Hundreds of volunteers help document homeless during annual street count

PHOENIX – Armed with clipboards, surveys and layers of clothing, hundreds of volunteers loaded into cars before 5 a.m. on Tuesday with a mission to connect with the homeless as part of the the Point-in-Time homeless count in Phoenix.

Dawn Whittington fills out a survey during the Point-in-Time homeless count on Tuesday. (Photo by Tynin Fries/Cronkite News)

Dawn Whittington fills out a survey during the Point-in-Time homeless count on Tuesday. (Photo by Tynin Fries/Cronkite News)

To comply with the U.S. Department of Housing and Urban Development’s count requirement, the Maricopa Association of Governments rounded up volunteers to walk the streets in cities throughout the county to identify at-risk populations.

HUD has required counties to participate in the street counts since 2007, but Phoenix has held an annual count since 1999. HUD defines a homeless person as someone living or sleeping in a place not meant for human habitation such as a park, car or on the street.

The survey helps identify what types of people are experiencing homelessness and what kind of support they need. Volunteers also count those staying in shelters and other outreach programs. In 2016, there were 5,702 homeless people in the county, 1,646 of which were unsheltered, according to the Maricopa Association of Governments.

These numbers help the government secure funding from the Continuum of Care Program for local programs such as Community Bridges Inc. TJ Howard, outreach manager for the southern region for the nonprofit, traveled from Tucson to volunteer with the Maricopa County street count.

“(HUD has) a lot of federal dollars that they distribute out for programs who help people who are experiencing homelessness,” Howard said. “The count that we did today, the Point-in-Time count, that is a way to gather statistical data for geographical areas to determine where federal funding would be best utilized. So what we do today makes a true impact in the communities we are in.”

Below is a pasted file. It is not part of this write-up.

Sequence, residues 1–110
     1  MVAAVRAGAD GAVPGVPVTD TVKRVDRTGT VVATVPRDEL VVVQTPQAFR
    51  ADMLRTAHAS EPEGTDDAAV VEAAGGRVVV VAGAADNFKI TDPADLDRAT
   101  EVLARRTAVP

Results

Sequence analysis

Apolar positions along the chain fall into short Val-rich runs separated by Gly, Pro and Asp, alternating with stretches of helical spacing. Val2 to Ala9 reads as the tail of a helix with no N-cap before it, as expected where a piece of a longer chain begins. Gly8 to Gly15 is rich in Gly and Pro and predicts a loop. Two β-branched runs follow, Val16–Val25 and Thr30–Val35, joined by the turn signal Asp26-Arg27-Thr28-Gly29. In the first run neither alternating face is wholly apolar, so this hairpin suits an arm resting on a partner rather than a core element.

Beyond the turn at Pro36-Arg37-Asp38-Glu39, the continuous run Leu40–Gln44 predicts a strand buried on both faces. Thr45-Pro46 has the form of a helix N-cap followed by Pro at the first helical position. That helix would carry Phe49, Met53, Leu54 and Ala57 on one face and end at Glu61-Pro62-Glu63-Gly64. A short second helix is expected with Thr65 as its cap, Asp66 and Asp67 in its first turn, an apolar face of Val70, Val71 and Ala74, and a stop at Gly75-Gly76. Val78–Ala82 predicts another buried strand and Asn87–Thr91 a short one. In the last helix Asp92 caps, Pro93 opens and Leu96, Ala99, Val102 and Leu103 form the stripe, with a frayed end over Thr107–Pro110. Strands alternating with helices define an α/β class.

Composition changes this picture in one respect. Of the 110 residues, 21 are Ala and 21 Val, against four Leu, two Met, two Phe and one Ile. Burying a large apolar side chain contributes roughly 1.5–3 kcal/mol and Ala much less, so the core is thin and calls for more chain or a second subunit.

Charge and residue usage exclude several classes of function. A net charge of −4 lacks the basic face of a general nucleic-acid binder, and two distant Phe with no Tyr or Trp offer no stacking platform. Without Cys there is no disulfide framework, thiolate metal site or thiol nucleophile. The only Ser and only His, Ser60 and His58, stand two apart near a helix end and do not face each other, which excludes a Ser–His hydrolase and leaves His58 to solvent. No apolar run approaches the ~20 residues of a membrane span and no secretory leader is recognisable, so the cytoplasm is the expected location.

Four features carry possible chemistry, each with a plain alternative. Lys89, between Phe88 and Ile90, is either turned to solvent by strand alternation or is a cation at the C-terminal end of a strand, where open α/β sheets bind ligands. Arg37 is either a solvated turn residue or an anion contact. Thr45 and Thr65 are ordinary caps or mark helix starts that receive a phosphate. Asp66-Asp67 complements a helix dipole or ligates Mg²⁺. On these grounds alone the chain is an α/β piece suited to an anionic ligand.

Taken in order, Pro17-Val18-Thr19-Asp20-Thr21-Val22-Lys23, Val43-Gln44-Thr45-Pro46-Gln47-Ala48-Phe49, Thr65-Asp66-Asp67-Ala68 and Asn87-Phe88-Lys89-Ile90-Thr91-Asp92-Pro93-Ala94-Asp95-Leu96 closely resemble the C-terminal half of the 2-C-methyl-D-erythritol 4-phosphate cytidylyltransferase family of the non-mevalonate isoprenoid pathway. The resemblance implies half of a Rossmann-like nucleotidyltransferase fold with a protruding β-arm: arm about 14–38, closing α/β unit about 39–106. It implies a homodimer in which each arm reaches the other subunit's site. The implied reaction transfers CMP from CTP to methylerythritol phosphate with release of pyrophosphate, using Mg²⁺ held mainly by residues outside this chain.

Volunteers walk through each city and approach homeless people, ask them questions and offer support.

A few months after the count, the Maricopa Association of Governments releases its annual report that breaks down the overall density, age and demographic of the homeless population. Anne Scott, the Maricopa Associations of Government human services planner, said the organization sends the report to Congress, which allocates funds through Continuum of Care.

“We are getting a slight increase in the number of permanent housing dollars every year,” Scott said. “Last December, we were awarded $793,000 for a new permanent housing contract for Community Bridges for permanent supportive housing for the chronically homeless folks.”

This funding allows organizations to offer housing aid and rent assistance to the homeless people they meet during the count. Betty Jean-Rider, one of the women surveyed for the count in Phoenix, said she appreciated the volunteers’ efforts as she had recently become homeless. She said she had slept in a tunnel the previous three nights.

Betty Jean-Rider poses for a portrait in front of her possessions after completing the Point-in-Time homeless count survey on Tuesday. (Photo by Tynin Fries/Cronkite News)

Betty Jean-Rider poses for a portrait in front of her possessions after completing the Point-in-Time homeless count survey on Tuesday. (Photo by Tynin Fries/Cronkite News)

“I’ve been homeless for six days now, and I’m terrified,” Jean-Rider said. “It was either I go on the street or my sister does. And my sister is disabled, so here I am. People don’t realize that we (homeless people) have feelings. We’re not nobodies.”

Jean-Rider lost her job, which caused her to become homeless. But others chose to live on the street.

Despite being offered housing and benefits, Steven Irvin had been living on the streets for more than a year, traveling from state to state on public transportation.

“I have zero tolerance for rules and regulations,” Irvin said. “That’s why I don’t live in a shelter.”

Howard said he volunteers because he can witness the immediate impact his efforts have on an individual’s life.

“The rewarding part is when people do want to get help and you get to watch them change,” Howard said. “They get into housing. They get support. They get a job, and they get family back. They are happy and they smile again.”


(Video by Trevor Fay/Cronkite News)